Jacob soon meets the performers and flunkies – a reliable grab bag of colorful characters, including the little person with the dog act and the fat lady. He also meets August’s wife, Marlena (Reese Witherspoon), the Benzini Brothers’ equestrian performer. She too has a sob story, which is made even sadder by her belief that only the circus, and her marriage to August, is allowing her to be somebody. She and Jacob slowly but surely begin to fall in love. At the same time, they’re both introduced to Rosie the Elephant; despite being deeply in debt, August purchased her in a desperate attempt to create a new star attraction and drum up business. Neither Jacob nor Marlena have any experience with elephants, but they quickly bond with Rosie, who’s incredibly intelligent. She knows the extent of August’s cruelty. He regularly prods her with a bull hook – and in one particularly ugly incident, he beats her with it.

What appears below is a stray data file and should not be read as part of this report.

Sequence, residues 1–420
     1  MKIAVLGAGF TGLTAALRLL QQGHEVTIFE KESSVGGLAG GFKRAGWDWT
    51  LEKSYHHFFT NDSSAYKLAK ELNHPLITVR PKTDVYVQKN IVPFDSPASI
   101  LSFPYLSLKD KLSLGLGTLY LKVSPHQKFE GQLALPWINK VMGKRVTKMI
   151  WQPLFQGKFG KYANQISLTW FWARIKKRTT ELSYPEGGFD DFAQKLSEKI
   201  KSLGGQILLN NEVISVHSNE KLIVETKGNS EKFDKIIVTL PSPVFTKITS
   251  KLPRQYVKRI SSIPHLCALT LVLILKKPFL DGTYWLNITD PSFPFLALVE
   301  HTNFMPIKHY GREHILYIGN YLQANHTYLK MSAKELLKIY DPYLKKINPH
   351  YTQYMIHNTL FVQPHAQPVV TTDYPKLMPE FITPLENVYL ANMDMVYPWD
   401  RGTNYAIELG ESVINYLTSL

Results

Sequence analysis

The original choice for August was Sean Penn. Although he is one of our finest living actors (his list of achievement is too long for this review), I think director Francis Lawrence made the right choice by going with Waltz. As August, he draws on many of the strengths that made Colonel Hans Landa of Inglourious Basterds so memorable; he’s a possessive, suspicious, and sadistic monster, but his devilish charm is irresistible. I’m torn between waiting on the edge of my seat for Waltz’s next villainous role and not wanting him to be typecast. If he’s this good at playing the bad guy, imagine what he can do as the hero.